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I was looking through my spam folder, and there's a 100% sure spam email, that asks me to confirm that I want to unsubscribe by clicking some big unsubscribe button. That button is simply a mailto: link, similar to the one below

mailto:[email protected];[email protected];[email protected];[email protected];[email protected];[email protected]?subject=Unsubscribe

There are no images in the email, so no pixel tracking.

What is the attack here?

Is the attacker's hope that I would click on the mailto link, and then click send, and then they'd know that my email address is of a gullible person, so they'd better prioritize their real spamming resources, or is there more to it?

I find the above attack odd, because it puts quite some burden on the attacked. I need to ignore the fact that I never subscribed to require clicking on unsubscribe, then I need to click on Unsubscribe, then the mailto: protocol needs to be correctly associated with whatever I use for email, then I also need to click send, then the email client would ask me to confirm that I want to send a message without any content, then I would either confirm, or actually write some text in the content, and then the message would be sent, and the attack would be successful. That's a lot of work and I can change my mind at any time in this process and the attack would be unsuccessful.

Can a mailto link be somehow exploited?

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Aside from the rare direct mailto-related exploit (H/T @nobody), an attacker learns what your preferred email identity is when you use an email reply or mailto. Perhaps they got to you through a list or a forwarding address (if you're like me, you customize addresses to services so you can track how your address is shared).

An actual email reply says you're a real person, verifying and/or revealing a new address to the attacker.

It's also likely a ham indicator for some anti-spam systems. The unsubscribe model by systems like (iirc) Microsoft's requires mailto:, which may help tip spam into a bulk designation instead of a junk folder.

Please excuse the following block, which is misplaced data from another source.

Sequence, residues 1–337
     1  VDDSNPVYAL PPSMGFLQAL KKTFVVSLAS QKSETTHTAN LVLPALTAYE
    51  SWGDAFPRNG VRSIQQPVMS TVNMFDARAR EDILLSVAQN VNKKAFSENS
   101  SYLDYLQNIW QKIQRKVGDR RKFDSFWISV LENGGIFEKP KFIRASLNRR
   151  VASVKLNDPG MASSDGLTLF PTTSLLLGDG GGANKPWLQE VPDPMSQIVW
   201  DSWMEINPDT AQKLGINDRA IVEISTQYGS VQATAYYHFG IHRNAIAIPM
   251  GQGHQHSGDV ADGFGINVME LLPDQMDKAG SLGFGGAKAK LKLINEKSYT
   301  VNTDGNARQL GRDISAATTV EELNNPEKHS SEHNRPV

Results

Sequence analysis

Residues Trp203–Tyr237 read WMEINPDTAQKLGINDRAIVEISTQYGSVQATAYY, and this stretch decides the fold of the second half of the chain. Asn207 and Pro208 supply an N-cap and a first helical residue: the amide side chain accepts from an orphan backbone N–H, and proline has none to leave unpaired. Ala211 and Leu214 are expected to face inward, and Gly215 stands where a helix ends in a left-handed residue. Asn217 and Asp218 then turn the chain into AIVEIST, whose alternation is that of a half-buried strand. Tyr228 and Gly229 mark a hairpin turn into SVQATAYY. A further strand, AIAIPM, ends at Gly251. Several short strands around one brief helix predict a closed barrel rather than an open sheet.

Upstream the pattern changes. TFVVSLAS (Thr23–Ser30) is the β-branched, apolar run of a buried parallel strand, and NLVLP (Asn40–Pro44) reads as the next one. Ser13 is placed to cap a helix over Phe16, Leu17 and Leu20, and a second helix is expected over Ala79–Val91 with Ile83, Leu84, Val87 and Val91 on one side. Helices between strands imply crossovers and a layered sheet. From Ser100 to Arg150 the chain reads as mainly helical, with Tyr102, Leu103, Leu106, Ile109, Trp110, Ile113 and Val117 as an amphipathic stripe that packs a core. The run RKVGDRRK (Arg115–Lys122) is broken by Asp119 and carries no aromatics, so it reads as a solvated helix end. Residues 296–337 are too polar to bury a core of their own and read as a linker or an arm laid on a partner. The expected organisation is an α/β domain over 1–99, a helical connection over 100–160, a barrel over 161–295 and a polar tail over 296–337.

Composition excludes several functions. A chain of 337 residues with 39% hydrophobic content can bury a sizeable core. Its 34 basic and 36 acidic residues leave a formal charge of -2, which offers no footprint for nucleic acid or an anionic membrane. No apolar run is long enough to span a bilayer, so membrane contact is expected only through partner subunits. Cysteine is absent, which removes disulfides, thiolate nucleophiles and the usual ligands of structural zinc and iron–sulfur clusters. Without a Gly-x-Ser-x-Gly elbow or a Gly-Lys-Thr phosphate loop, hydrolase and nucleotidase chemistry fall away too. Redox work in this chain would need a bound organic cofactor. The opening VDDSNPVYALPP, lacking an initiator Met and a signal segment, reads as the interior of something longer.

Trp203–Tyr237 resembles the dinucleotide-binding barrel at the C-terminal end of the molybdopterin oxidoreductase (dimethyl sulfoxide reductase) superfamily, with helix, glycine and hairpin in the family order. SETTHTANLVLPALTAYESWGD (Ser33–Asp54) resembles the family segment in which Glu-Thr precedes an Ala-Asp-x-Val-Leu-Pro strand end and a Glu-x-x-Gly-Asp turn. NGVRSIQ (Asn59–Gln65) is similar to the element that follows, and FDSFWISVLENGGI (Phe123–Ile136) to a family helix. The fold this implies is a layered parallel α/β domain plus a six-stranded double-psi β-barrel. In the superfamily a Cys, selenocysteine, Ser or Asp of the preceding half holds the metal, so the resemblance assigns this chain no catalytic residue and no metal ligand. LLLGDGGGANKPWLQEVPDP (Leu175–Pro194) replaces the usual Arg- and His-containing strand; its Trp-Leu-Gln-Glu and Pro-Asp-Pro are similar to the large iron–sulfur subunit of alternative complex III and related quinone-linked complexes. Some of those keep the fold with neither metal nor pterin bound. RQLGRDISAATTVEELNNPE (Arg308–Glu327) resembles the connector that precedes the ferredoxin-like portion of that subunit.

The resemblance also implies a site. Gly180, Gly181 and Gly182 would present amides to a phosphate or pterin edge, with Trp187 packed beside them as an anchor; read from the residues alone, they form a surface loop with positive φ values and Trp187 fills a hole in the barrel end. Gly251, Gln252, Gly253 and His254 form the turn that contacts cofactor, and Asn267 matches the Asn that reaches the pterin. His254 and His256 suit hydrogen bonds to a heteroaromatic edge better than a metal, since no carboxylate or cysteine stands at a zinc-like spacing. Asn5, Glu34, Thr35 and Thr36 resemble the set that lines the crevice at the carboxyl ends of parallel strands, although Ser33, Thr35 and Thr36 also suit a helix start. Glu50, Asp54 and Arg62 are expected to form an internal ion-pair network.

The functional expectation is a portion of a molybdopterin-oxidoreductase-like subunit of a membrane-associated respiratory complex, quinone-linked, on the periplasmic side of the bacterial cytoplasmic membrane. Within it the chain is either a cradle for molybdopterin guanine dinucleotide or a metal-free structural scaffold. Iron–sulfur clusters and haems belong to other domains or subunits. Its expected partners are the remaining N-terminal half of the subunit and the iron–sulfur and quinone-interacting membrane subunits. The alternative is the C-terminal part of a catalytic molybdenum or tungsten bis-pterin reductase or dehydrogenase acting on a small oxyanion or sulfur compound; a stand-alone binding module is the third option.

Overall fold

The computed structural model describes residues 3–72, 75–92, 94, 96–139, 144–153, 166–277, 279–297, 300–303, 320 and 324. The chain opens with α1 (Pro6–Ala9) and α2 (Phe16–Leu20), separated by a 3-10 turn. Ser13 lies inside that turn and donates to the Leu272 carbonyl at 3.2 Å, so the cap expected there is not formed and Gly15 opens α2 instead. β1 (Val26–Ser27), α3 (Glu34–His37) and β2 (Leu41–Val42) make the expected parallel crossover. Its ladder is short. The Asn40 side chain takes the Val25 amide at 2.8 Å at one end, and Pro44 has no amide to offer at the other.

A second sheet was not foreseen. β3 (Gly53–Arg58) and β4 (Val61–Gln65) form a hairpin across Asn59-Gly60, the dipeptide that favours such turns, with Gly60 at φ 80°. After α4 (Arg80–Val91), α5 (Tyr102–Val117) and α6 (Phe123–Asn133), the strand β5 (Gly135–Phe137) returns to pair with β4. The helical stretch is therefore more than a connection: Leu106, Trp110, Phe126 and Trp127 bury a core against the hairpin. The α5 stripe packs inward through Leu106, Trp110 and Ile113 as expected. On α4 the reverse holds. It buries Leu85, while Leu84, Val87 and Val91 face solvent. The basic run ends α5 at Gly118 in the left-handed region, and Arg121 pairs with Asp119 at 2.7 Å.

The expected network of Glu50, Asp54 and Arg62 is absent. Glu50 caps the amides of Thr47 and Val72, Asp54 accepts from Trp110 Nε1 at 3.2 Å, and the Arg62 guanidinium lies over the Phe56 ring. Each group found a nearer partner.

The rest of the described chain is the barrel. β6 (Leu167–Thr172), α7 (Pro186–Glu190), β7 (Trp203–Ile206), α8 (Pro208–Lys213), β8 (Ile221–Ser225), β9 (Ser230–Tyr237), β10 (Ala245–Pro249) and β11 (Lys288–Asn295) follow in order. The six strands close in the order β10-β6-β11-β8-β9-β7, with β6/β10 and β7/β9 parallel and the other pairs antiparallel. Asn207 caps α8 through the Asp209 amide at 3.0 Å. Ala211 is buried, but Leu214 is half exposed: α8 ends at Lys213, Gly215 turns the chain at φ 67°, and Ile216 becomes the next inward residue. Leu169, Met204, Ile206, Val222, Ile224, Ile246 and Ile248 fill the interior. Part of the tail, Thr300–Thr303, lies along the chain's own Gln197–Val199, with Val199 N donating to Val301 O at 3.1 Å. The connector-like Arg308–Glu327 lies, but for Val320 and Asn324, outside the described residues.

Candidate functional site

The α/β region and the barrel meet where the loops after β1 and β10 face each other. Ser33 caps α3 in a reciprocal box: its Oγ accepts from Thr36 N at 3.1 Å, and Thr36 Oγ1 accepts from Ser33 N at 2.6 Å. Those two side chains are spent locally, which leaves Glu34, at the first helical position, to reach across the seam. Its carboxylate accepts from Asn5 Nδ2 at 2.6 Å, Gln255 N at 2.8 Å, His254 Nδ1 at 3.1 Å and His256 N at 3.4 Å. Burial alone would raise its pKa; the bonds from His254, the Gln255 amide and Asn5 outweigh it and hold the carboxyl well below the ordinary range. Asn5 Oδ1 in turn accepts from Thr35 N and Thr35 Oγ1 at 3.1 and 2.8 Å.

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Is the attacker's hope that I would click on the mailto link, and then click send, and then they'd know that my email address is of a gullible person, so they'd better prioritize their real spamming resources, or is there more to it?

Pretty much this. And not so much that there's a gullible person, but that there's a person, an indicator that the email address is valid and being read by a human. Attackers usually send to valid and invalid email addresses both, and being able to determine which ones are valid is useful information.

Can a mailto link be somehow exploited?

There have been a small number of exploits tied to mailto links, all old at this point. As a general rule mailto links can be considered safe. Their primary threat vector is information disclosure; as discussed above, they lead to sending mail out.

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    "all old at this point" - there are three mailto cves in 2020. Not too old to try... Although none are related to the OPs scenario
    – nobody
    Jul 30, 2020 at 14:06
  • The mailto?attach=/etc/passwd... in CVE-2020-11879 is pretty awesome in its simplicity! Jul 30, 2020 at 14:11

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